Nostalgia is a powerful and incredible thing.  Far from one-hit wonders, the Monkees run on TV and radio lasted a mere three years.  Yet, long before social media, the band’s promotional tentacles stretched to multiple platforms that included everything from teenybopper magazines to toys (I possessed a very odd-looking, multi-headed pull and play). Timing was also kind, as the group offered fun and escape and an alternative to the tension, drugs and revolution of the Vietnam era.  Best of all, their music made your toes tap and their antics made you laugh. Welcome back.



Batman v Superman? How about DC v Marvel

Sunday, March 27th, 2016

Screen Shot 2016-03-27 at 6.04.31 PMDespite the fact that DC Comics (originally known as National Allied Publications) has been around since 1935, it has never before featured two of its superheroes – let alone its most iconic – in one feature length motion picture.  In the newly released movie, “Batman v Superman: Dawn of Justice,” which opened in theaters Friday, not only we do we get to see two of comicdom’s oldest and most storied characters, we are also presented with Wonder Woman and, (spoiler alert) a glimpse at Aquaman and (it is rumored) The Flash (I have yet to see the film).  Obviously DC is looking to take on Marvel with a league of its own.

As I have written previously, when it comes to the Silver Screen, Marvel has forever ruled the roost (Spider-Man, X-Men, Captain America, Iron Man) with DC possessing a monopoly on the boob tube (Arrow, Flash, Legends of Tomorrow).  Now, DC plans to borrow a page from their cross-town publishing rival’s playbook and release two movies a year over the next five years, building toward their super team team-up.  Where Marvel has the Avengers, DC has the Justice League; but first we have to get to know the players. Wonder Woman will be the next to star in her own film. One would assume Aquaman is next.

What is perhaps even more intriguing about “Batman v Superman” is what the story is based on.  Frank Miller (he of “3000″ and “Sin City” movie fame) is also widely recognized as one of the best comic book writers of our time and, indeed, his top grossing movies were based on his graphic novels.  Along with “Watchmen” (which he did not write), “The Dark Knight Returns” comic book series, originally published in 1984, is hands-down the greatest Batman graphic series ever, featuring an aging, retired Bruce Wayne who confronts a bought-and-paid-for by the federal government Superman.  You’ll even see certain scenes in “Dawn of Justice” that come directly from “Dark Knight” (including this blog’s featured image). The plot might be different in “Dawn” but its foundation is pure Miller.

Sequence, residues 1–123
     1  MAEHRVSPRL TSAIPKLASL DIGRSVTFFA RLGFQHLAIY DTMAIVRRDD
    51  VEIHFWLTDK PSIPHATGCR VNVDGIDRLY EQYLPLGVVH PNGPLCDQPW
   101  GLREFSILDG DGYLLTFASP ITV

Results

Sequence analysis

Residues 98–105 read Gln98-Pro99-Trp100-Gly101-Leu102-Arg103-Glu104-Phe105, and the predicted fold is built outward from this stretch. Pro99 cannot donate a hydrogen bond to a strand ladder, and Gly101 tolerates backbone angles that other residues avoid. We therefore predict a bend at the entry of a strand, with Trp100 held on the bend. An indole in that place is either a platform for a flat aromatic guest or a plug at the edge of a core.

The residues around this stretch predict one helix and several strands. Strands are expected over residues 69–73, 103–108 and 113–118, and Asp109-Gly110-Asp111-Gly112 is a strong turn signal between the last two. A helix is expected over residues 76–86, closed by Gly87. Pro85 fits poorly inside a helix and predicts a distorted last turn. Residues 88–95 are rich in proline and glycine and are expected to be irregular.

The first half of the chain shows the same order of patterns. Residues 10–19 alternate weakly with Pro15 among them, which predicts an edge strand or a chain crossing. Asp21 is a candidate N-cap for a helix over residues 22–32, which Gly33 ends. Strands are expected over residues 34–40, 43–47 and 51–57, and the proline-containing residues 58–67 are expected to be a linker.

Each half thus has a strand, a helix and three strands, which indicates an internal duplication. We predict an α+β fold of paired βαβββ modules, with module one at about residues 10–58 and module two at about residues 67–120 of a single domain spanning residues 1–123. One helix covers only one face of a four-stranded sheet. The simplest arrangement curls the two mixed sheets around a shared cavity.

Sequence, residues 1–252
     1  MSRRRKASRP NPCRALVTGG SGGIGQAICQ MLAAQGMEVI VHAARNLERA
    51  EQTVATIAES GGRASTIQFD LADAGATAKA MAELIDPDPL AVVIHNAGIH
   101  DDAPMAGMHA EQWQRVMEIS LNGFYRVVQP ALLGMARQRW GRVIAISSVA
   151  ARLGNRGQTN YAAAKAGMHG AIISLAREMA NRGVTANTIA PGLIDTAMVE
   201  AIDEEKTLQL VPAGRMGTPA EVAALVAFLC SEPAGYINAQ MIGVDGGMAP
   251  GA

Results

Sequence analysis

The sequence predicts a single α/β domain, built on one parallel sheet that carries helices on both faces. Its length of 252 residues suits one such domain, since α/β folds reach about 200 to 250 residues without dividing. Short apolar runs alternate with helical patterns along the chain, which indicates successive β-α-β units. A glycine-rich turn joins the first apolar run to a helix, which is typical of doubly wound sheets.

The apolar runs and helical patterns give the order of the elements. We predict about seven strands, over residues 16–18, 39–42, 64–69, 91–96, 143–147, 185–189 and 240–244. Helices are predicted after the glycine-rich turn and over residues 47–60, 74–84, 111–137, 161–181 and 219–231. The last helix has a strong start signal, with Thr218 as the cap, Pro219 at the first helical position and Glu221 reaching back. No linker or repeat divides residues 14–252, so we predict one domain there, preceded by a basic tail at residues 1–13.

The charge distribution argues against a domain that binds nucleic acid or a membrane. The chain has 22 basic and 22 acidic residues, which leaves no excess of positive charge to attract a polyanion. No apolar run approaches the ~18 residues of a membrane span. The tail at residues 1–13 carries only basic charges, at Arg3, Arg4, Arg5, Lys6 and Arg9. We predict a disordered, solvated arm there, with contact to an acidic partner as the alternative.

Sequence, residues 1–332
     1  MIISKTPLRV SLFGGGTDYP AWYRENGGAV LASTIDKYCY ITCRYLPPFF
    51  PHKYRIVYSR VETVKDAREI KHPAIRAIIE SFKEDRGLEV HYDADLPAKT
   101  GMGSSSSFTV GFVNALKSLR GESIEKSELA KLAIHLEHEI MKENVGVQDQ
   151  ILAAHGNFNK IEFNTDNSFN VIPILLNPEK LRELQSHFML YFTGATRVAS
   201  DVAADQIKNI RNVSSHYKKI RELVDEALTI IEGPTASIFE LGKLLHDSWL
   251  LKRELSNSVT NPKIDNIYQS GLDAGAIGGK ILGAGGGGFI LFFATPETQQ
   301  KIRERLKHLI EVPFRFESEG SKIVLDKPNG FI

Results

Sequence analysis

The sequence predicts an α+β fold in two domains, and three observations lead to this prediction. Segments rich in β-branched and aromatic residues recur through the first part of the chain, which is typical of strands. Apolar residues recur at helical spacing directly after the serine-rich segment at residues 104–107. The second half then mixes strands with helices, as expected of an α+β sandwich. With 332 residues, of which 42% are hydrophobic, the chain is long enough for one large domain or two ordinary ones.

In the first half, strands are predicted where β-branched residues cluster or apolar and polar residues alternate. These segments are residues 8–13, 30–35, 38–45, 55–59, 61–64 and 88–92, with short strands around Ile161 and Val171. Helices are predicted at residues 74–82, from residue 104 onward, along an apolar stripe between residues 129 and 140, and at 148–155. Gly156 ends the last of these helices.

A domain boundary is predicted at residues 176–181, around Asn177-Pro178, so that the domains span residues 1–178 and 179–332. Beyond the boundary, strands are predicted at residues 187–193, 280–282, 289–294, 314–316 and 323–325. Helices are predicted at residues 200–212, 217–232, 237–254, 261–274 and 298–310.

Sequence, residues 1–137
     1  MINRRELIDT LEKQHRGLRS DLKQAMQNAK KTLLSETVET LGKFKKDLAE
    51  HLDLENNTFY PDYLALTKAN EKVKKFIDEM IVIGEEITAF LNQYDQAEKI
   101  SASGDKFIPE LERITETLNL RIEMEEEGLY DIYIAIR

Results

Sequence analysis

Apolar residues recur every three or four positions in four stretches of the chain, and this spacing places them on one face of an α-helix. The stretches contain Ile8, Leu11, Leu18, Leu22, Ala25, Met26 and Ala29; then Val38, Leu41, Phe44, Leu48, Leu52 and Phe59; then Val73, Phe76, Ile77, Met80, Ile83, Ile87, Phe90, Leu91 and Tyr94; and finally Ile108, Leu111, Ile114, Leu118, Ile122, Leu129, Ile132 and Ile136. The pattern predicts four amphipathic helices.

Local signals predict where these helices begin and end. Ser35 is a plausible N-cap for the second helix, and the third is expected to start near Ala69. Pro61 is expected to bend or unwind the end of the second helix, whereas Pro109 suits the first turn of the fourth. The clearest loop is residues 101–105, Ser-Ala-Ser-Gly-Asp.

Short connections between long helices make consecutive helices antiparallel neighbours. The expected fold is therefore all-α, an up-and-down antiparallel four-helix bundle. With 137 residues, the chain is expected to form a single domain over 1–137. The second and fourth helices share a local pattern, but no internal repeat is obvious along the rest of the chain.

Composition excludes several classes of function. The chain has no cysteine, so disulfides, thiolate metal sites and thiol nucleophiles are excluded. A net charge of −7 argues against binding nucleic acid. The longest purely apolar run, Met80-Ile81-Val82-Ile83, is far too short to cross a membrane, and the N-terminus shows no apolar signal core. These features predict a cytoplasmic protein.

And that’s a good thing.  Once again, the celluloid creators who have been entrusted to stay true to the characters and their lore are showing they deserve it.  Watch “Arrow” and “Flash” on TV and you will see it: references to events and names and obscure characters that demonstrate show writers have done their homework and respect comic history. It’s basically Marketing 101: know who you are trying to reach and then create and message a product or service that will motivate your audience to action.  If the trailers for “Batman v Superman” are any indication, we are in good hands once again.



Radiohead’s “Spectre”: Nobody’s Done 007 Better

Tuesday, December 29th, 2015

Screen Shot 2015-12-29 at 12.25.38 PMOver the past five decades there has never been a movie series as enduring and for millions as endearing as creator Albert Brocolli’s James Bond films. Never mind Furious 7, How about 24 x 007.  And through those dozens of movies the expert melding of action and music remains integral to the franchise’s success, in particular the opening credits which set the tone for each flick.  As detailed in Wikipedia, the actual iconic James Bond theme – featuring the surfer-esque “Dum-de-de-de-Dum” guitar riff was created by composer Monty Norman and scored by the legendary John Barry.  It has been utilized in the opening credits from the very beginning, including 1962′s “Dr. No” and 1963′s “To Russia with Love” as well as many of the closing credits through the very latest film.